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Endovascular Treatment (Coiling) of Cerebral Aneurysms

Until the early 1990s, the only treatment for a cerebral (brain) aneurysm has been opening the head (craniotomy, see Craniotomy) and placing a special clip across the neck of the aneurysm. In an acutely ill patient with a ruptures aneurysm and swollen brain, craniotomy is a formidable task fraught with many problems. In up to 70-90% of patients, an alternative is coiling of the aneurysm, which may spare the patient neurological complications that sometimes occurs with open surgery. Coiling involves placing a fine platinum wire into the aneurysm through a small catheter. The wire causes the aneurysm to clot off from the cerebral circulation, negating the risk of rupture in most cases,

Anatomy and Physiology

  • Blood leaving the heart enters the aorta, the main central artery of the body
  • The first arterial branches off of the aorta are the innominate artery (also called the brachiocephalic trunk), left common carotid artery and the left subclavian artery. The innominate artery gives rise to the right common carotid and subclavian arteries (Figure 1)
  • In the neck the common carotid arteries branch into the internal and external carotid arteries, the internal carotid arteries extending upwards in the front of the neck. The vertebral arteries on each side pass upwards in the back of the neck
  • The right and left internal carotid arteries divide into the anterior and middle cerebral arteries and feed blood to the front part of the brain including the frontal, parietal and temporal lobes (Figure 1). The right and left vertebral arteries come together to form the basilar artery, which then divides into the posterior cerebral arteries to feed the back part of the brain. (See Craniotomy for anatomy of the brain)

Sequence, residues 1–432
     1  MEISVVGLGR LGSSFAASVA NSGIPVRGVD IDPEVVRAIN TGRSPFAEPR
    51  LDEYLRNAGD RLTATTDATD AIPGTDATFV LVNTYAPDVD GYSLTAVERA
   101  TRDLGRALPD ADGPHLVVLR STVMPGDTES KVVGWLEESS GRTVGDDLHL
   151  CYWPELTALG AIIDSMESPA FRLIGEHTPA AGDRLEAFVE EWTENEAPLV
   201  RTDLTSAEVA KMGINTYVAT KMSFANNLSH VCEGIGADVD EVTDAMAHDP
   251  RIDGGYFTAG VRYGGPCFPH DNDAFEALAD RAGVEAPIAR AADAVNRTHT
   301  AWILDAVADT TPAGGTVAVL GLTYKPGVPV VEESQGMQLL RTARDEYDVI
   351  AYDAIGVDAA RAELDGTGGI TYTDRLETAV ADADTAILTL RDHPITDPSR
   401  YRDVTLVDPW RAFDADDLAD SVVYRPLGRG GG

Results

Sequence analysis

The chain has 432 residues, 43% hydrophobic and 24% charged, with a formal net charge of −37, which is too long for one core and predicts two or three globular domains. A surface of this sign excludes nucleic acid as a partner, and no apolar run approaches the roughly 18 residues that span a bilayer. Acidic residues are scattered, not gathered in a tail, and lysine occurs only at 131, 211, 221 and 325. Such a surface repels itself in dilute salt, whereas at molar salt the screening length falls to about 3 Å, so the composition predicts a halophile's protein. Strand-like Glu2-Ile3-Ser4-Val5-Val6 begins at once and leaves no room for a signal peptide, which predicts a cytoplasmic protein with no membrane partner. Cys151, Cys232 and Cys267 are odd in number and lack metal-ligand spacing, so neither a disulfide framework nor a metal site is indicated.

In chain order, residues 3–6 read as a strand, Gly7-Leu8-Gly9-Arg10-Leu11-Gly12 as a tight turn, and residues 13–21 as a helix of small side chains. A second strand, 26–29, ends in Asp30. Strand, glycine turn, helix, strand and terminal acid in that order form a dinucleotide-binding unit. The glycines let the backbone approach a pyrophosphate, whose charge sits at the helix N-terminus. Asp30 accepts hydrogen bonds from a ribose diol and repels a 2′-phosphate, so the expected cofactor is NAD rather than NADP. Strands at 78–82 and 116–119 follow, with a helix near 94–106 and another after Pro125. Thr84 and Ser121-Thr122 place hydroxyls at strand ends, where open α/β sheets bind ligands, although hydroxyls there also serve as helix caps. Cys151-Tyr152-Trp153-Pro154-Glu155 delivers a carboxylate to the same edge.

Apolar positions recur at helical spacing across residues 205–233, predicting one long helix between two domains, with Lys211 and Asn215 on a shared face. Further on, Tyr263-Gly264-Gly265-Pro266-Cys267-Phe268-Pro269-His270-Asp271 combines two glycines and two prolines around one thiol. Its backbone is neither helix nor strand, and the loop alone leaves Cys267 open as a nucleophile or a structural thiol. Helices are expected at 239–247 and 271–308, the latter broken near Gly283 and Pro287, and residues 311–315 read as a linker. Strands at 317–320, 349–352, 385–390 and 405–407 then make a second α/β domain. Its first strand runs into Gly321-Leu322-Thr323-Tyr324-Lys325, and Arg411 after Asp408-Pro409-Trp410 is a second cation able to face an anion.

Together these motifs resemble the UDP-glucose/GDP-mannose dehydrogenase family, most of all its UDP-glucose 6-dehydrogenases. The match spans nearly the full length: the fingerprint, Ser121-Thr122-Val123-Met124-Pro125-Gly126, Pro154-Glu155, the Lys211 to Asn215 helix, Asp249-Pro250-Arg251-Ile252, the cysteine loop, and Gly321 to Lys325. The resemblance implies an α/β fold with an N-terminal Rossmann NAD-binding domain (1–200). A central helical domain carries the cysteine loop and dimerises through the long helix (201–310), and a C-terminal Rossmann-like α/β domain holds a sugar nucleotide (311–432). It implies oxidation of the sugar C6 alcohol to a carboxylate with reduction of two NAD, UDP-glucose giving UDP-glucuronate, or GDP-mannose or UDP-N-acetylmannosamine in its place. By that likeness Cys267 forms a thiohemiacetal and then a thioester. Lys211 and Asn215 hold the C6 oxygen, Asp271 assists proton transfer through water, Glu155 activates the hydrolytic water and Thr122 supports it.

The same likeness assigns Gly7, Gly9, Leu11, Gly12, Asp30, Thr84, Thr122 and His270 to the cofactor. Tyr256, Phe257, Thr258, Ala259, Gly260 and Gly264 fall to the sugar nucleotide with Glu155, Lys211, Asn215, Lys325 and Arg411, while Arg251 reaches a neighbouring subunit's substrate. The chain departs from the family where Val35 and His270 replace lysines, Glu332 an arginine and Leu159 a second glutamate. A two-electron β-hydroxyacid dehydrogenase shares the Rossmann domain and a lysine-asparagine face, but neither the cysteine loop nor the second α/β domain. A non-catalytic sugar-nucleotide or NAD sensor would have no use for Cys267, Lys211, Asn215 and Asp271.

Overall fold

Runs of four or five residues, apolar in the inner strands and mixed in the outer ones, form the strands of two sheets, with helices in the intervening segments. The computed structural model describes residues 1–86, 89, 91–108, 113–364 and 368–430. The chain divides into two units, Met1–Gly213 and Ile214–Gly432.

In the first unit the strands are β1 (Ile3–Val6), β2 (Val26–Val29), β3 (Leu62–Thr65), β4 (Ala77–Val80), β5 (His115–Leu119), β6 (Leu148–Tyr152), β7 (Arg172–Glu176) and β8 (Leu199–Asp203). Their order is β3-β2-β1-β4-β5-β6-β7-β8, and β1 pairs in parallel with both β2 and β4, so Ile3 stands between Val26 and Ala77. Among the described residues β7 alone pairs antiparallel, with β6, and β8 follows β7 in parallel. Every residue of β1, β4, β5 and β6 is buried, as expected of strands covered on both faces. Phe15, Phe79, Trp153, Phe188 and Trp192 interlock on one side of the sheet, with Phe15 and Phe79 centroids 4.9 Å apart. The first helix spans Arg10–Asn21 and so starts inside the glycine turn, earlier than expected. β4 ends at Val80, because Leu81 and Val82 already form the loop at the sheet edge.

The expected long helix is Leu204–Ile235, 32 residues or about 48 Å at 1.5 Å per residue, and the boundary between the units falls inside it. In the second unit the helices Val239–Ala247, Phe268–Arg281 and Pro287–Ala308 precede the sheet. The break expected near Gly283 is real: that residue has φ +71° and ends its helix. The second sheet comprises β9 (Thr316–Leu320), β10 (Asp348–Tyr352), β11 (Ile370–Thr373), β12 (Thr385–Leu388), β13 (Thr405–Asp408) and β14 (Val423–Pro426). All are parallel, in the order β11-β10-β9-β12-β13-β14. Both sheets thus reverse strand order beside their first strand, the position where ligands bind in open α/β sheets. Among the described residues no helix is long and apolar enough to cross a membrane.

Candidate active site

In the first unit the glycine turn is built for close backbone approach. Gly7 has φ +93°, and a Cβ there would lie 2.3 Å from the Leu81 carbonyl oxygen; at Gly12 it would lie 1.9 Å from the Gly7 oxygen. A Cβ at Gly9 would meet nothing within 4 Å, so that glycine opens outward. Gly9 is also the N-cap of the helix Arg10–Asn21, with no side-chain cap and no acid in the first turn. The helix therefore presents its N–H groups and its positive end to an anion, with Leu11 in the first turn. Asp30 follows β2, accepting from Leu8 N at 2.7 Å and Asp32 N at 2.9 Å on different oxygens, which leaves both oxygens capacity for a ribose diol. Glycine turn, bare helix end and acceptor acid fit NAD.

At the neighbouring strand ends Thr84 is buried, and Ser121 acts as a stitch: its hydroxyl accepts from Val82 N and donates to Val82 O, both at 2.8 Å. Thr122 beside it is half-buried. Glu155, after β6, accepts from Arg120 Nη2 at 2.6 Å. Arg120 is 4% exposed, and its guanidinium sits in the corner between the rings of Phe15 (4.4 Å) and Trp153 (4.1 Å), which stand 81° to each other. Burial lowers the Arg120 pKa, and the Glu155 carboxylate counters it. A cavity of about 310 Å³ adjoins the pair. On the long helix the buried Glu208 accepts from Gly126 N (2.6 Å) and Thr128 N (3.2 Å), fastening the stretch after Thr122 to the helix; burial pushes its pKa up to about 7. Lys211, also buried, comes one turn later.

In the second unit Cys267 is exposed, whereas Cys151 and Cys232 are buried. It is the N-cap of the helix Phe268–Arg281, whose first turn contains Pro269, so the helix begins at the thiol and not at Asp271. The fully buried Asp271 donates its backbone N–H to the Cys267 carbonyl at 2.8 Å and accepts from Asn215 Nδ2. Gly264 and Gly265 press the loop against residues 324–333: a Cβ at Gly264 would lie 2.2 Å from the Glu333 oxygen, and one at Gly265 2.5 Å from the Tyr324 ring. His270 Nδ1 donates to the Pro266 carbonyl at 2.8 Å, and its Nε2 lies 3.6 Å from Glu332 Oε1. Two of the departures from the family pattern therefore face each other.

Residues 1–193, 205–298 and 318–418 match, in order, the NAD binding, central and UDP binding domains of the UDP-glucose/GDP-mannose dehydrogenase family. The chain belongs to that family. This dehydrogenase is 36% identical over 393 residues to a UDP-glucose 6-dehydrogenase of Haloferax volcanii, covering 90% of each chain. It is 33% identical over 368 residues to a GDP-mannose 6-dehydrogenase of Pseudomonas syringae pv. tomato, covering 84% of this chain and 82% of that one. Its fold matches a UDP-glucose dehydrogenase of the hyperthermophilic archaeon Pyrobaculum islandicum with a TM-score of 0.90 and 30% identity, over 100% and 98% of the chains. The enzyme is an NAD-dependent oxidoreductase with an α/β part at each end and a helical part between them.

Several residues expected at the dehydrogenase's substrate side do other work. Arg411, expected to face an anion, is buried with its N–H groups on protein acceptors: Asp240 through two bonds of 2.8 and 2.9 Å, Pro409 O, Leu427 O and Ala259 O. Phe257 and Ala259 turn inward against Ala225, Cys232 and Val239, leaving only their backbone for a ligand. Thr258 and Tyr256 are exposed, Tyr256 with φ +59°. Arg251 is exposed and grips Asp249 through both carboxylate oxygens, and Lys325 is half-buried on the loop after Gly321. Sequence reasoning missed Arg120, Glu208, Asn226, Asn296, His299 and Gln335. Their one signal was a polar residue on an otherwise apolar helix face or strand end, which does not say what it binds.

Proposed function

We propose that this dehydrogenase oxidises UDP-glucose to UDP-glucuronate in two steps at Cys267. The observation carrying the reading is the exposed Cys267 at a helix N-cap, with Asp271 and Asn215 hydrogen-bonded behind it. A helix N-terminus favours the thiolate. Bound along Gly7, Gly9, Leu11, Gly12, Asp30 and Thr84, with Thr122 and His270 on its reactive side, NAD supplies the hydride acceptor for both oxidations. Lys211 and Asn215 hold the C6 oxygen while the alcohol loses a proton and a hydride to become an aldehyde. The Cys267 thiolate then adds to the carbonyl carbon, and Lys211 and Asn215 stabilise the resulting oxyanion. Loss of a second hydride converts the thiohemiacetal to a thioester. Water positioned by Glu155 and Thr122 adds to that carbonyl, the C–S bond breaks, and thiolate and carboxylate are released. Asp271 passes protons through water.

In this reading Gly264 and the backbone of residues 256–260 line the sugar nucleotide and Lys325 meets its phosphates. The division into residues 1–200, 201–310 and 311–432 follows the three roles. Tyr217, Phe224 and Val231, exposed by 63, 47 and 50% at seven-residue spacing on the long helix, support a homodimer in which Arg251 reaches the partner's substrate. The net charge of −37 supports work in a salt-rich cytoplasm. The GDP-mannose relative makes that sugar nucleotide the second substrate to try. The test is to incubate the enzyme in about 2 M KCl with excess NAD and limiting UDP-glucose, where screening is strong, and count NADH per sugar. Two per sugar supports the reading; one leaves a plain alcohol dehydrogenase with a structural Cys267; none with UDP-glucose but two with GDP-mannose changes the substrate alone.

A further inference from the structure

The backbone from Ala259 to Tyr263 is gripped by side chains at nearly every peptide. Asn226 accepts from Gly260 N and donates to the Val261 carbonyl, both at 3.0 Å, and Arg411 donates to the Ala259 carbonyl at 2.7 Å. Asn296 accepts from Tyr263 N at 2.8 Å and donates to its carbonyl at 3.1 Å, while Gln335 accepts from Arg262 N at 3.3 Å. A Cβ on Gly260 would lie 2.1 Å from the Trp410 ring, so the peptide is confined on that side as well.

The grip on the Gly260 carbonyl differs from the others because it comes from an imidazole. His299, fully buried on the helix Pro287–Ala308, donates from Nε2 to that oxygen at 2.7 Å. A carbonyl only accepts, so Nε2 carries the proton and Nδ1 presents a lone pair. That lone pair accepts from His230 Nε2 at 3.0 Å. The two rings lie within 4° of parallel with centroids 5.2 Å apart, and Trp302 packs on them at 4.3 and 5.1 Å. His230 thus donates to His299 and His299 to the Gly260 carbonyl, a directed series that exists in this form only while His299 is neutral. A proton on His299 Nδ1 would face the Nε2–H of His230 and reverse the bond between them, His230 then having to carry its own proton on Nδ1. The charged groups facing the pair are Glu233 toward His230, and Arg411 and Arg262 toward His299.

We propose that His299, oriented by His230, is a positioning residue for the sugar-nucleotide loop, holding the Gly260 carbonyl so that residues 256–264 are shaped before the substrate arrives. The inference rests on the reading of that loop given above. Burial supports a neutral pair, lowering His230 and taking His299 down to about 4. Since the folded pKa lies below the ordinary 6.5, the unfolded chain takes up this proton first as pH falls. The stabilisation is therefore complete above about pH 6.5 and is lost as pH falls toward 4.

• The wall of the arteries is made up of an inner layer, the endothelium, an elastic layer, a muscle layer and a thin outer layer, the adventitia.
Figure 1 - Arterial anatomy from the aorta to the arteries of the head. © P. Montelone

Pathology

  • An aneurysm forms because of a break in the elastic and muscle layer of the artery allowing the artery to balloon out. Occasionally a patient is born with the defect and the aneurysm is seen in a relatively young patient, but this is rare. More often the aneurysm forms in the later years due to degeneration (break down) of the muscle layer
  • The defect in the muscle is almost always at the angle formed by a branching in artery. This causes the thin endothelium and adventitia to balloon out like a berry on a branch of a tree, thus the term berry aneurysm (Figure 2)
  • The other form of aneurysm occurs when a larger section of artery degenerates causing the artery to balloon out like a sausage. This is called a fusiform aneurysm (Figure 3)
  • Various factors may contribute the formation of an aneurysm
    1. Smoking and alcohol use appear to accelerate degeneration of arteries
    2. There also appears to be a correlation between the use of oral contraceptives and aneurysm formation
    3. A family history of cerebral aneurysm
    4. Certain other inherited diseases such as Polycystic Kidney Disease, Fibromuscular dysplasia, Ehler's Syndrome and Marfan's Syndrome
    5. High blood pressure (hypertension) is commonly associated with aneurysms
    6. Artherosclerosis (hardening of the arteries) may also be a factor